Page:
Caring for the Most Vulnerable: A Model for Managing Maladaptive Behavior in Children with Mental Special Needs During the COVID-19 Pandemic

Telemed J E Health. 2021 Sep;27(9):1068-1073. doi: 10.1089/tmj.2020.0380. Epub 2020 Nov 23.


Background: This article presents the results of a comprehensive national model developed for managing maladaptive behaviors (MBs) in children with mental special needs (CMSNs) during the coronavirus disease 2019 (COVID-19) pandemic that combines telehealth-based Applied Behavioral Analyses, psychiatric interventions, and support from local psychosocial teams. This study aims to determine the effectiveness of a system that combined telehealth applications with local psychosocial support teams, allowing services from video calls to emergency interventions. Materials and Methods: The system combines the telehealth applications with the services from local psychosocial intervention teams. In addition to system records covering sociodemographic variables and initial complaints, a telephone survey questioning the effectiveness and satisfaction of the system was used as the main outcome. Results: In total, 347 individuals used the system with mothers constituting the majority of applicants (88.7%, n = 332). The overall satisfaction of the system was 8.8/10. In terms of effectiveness, 63.3% (n = 237) of caregivers reported an improvement in the reason of application. Counselors decided on a need for follow-up visits for 36.6% (n = 137) of applications. A referral to a psychiatrist was asked for 40 patients (10.6%). Discussion: To our best knowledge, this is the first study presenting a model for managing MBs of CMSNs during the COVID-19 outbreak. In general, therefore, it seems that there is a need for unique systems to handle behavioral problems of CMSNs. Conclusions: The findings of this study suggest that it is possible to establish an integrative multistep multidisciplinary telehealth-based approach in a short while.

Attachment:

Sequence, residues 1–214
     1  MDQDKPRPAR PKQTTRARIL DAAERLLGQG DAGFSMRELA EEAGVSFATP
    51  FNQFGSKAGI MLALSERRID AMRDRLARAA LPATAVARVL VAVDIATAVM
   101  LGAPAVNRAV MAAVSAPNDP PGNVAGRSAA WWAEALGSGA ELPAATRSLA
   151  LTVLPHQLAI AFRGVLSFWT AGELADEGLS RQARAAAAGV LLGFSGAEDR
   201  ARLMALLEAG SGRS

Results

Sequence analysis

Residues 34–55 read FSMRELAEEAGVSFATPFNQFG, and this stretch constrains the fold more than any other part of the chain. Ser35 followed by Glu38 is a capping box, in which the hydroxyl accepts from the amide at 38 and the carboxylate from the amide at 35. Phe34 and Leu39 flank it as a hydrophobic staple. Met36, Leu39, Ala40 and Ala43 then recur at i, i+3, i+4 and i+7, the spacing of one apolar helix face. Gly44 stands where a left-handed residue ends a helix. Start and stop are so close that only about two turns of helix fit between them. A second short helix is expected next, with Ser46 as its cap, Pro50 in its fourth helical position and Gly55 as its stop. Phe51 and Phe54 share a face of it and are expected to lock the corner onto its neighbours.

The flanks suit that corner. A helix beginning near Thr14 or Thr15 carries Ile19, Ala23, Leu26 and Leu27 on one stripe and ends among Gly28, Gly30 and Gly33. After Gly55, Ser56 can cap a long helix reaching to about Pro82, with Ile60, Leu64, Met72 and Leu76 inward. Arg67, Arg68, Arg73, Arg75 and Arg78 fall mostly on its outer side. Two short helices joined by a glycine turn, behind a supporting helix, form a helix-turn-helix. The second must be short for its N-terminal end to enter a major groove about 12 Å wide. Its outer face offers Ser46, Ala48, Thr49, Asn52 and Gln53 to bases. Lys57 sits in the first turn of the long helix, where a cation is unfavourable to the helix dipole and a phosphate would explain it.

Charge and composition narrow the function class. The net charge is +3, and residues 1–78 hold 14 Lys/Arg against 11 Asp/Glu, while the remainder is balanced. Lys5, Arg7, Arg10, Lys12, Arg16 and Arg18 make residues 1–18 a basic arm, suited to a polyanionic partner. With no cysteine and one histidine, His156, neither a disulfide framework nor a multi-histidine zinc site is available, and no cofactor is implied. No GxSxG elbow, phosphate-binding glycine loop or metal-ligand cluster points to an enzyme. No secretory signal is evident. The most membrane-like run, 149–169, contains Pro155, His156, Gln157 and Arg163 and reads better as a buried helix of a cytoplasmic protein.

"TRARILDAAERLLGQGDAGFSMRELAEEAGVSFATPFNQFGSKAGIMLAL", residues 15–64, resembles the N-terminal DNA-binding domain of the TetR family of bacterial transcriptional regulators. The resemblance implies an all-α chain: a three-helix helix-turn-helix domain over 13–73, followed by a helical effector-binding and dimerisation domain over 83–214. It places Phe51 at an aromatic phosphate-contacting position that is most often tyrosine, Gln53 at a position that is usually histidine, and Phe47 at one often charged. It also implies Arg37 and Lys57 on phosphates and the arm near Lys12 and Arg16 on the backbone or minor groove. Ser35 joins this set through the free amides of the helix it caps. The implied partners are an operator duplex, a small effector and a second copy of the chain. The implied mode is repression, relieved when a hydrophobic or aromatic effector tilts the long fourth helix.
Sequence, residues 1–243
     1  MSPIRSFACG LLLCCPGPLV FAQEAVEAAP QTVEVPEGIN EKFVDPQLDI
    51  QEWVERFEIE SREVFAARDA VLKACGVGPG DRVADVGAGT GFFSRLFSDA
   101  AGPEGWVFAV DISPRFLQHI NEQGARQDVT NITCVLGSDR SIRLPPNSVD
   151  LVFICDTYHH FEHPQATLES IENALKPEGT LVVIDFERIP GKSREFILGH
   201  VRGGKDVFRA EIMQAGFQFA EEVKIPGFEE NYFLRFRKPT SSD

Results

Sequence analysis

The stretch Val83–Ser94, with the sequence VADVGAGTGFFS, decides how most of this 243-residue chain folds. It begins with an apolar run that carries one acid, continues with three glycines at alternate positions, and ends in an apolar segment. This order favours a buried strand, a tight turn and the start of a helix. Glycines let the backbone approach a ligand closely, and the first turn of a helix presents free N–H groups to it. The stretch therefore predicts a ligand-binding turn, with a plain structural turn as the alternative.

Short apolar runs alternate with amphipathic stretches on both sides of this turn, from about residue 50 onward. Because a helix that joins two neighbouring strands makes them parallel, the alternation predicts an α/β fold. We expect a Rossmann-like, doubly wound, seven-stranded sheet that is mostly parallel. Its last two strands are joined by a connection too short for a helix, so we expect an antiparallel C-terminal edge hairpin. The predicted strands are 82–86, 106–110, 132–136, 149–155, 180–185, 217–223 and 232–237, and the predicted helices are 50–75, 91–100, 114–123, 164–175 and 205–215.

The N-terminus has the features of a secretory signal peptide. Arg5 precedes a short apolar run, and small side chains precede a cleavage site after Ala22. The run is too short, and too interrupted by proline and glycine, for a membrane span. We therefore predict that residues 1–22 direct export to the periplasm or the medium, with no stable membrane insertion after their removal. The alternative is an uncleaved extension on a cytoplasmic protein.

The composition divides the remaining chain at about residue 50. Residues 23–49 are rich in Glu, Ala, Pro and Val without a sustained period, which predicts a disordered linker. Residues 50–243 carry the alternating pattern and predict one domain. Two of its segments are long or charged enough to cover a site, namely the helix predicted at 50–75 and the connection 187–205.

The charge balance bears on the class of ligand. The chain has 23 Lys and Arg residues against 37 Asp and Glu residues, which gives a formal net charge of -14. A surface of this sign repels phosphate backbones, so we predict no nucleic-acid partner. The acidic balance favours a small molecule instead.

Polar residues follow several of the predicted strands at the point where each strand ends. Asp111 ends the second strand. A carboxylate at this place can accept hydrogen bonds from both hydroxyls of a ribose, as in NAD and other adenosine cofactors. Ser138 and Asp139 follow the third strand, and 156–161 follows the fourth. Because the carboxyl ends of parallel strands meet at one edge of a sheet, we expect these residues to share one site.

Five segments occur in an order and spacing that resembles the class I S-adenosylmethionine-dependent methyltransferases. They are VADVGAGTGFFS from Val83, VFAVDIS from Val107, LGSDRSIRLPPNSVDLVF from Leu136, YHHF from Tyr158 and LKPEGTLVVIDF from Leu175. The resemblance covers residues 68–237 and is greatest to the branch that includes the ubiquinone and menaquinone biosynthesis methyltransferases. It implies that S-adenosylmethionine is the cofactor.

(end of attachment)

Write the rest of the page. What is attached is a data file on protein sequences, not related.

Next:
Keywords: COVID-19 pandemic; behavioral health; children with special needs.

MeSH terms

  • COVID-19*
  • Child
  • Humans
  • Pandemics
  • Psychiatry*
  • SARS-CoV-2
  • Telemedicine*